Tuesday, 24 April 2012

F W B -v- Crazy Stupid ...

I love that moment when a film surprises you, when you put on a film you expect nothing much from and you absolutely love it and get really involved with it. So it was with FRIENDS WITH BENEFITS, one of last year's romcoms which I have now lent to a friend, and will want to see it again when I get it back. Paradoxically, the movie I thought I would enjoy CRAZY STUPID LOVE did not engage me at all and I found a lot to dislike in it.

Justin and Woody
FRIENDS WITH BENEFITS has an engaging couple: Justin Timberlake who is now proving himself as an actor and leading man - is it really 10 years since I was watching him in those pop videos like for his hit "Cry Me A River" and "Rock Your Body" and I loved that one with Nelly "Work It" which was on MTV all the time, they are hilarious together, and Justin's albums then were very playable too - and Mila Kunis, so good in BLACK SWAN. He is the LA guy whom she headhunts for GQ magazine in New York, where he is taken in hand by Woody Harrelson, the gay best friend with a difference. It is all amusingly depicted, great soundtrack too, as our cute couple decide to be friends with benefits - sex without emotion - but as he says later he is now getting the emotion without the sex.  Add in her kookie mother (Patricia Clarkson) and his dad (Richard Jenkins) in the early stages of Alzheimers ... it all resolves nicely and takes one to places one did not expect to go, as ably directed by Will Gluck and written by Keith Merryman and others.

I reviewed the previous film by Glenn Ficcara and John Requa I LOVE YOU PHILIP MORRIS (gay interest label) a while ago and while I found it engaging enough (their script for BAD SANTA is also very amusing) I just did not respond to STUPID CRAZY LOVE as much. The problem for me, as with the recent BRIDESMAIDS, is that these "Saturday Night Live" people are just not known here in England as SNL does not play here, so I had never seen Kristen Wiig before, nor Steve Carell here (well I had no interest in seeing THE 40 YEAR OLD VIRGIN!).  Here he is the dull decent guy whose wife Julianne Moore suddenly asks for a divorce after 25 years of marriage.

Womaniser around town Ryan Gosling takes our hapless guy under his wing and smartens him up and gets him on the dating circuit so he starts to meet all those other women - Marisa Tomei scores again here - and there are various plot complications and some yucky moments too. Again, there is a plot development I did not see coming ....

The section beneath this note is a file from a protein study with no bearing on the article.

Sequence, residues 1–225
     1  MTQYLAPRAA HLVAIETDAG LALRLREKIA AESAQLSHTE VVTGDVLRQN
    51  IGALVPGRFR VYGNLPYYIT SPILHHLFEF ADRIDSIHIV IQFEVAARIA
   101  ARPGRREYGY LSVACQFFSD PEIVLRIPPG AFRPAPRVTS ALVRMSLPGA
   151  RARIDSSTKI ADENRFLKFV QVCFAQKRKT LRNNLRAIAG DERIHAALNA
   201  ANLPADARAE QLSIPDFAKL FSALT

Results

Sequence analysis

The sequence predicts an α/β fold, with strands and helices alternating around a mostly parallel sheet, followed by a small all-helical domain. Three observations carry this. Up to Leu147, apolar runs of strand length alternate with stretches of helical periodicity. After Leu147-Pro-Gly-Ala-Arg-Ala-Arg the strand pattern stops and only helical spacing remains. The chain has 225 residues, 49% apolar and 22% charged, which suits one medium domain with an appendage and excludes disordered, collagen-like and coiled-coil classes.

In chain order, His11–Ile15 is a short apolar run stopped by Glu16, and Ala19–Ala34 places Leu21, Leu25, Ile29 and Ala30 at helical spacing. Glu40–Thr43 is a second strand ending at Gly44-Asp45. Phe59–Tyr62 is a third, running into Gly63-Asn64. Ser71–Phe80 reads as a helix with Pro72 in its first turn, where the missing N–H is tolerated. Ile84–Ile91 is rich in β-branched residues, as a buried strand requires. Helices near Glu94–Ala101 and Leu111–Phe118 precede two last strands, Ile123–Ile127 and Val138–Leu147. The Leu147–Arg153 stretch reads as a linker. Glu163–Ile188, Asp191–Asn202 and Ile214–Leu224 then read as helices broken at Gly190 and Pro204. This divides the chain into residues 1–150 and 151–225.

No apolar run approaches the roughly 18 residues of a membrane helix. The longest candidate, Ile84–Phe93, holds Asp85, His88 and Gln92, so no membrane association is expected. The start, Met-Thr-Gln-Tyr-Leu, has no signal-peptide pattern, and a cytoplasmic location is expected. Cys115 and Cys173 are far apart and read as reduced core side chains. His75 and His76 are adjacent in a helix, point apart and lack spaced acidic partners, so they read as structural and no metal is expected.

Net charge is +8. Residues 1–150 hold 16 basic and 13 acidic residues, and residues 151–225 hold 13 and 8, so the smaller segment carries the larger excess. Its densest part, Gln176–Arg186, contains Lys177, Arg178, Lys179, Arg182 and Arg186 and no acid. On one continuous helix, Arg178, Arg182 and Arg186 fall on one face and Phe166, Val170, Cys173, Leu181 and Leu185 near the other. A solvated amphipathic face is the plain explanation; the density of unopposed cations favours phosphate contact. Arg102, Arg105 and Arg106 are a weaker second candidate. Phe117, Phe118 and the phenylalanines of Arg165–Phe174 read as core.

Are we though meant to find the 13 year old son obsessed about the 17 year old babysitter amusing ? - he won't take no for an answer and is practically abusing her by ignoring her wishes, while she of course secretly loves his father. Fairly amusing then but not as involving as F W B

Monday, 23 April 2012

"... but here I am"

James Stewart, in an interview with Peter Bogdanovich, referred to those special movie moments as "pieces of time" - the little moments that impress and stay with one: a look, a gesture, a line reading, a particular moment that one likes. I got such a one in ANONYMOUS when Vanessa Redgrave's Elizabeth I lists all the people who wanted her dead - "Philip of Spain, Mary Queen of Scots ... and 8 popes" and then adds "but HERE I am" as she has survived them all ... for me it was the best moment of the film.    I would not be surprised if it was filmed on blank stages as all the Elizabethan stuff looks like it was added in afterwards by the CGI boys. It is a fascinating premise that Shakespeare (a buffoonish drunken actor, here played by Rafe Spall) did not actually write the plays, but it was Edward De Vere, The Earl of Oxford, who did so but who due to the political intrigues of the time, could not put his name to them. Shakespeare after all did not have the required education then. The intrigues at court are as usual interesting even if here they take place in very gloomy interiors.

This project attracted quite a cast - Derek Jacobi sets the scene (presumably for those not familiar with the Elizabethan court), Mark Rylance also features, Rhys Ifans is quite good as Oxford, and the main point of interest is the casting of Redgrave and her daughter Joely Richardson as Elizabeth I - no virgin queen here! - thats all I can say without giving away too much of what follows ... It is good to see Vanessa, who was also MARY QUEEN OF SCOTS, (Vanessa Redgrave label), adding Elizabeth I to her gallery, she also gets to reprise that moment that Glenda Jackson so effectively did in her magisterial series ELIZABETH R, where when she was dying she stands with her finger in her mouth ... Vanessa's raddled old queen is certainly a different interpretation. Roland Emmerich directs - quite a change from 2012 and THE DAY AFTER TOMORROW (which we quite liked) and the whole crazy thing was written by John Orloff.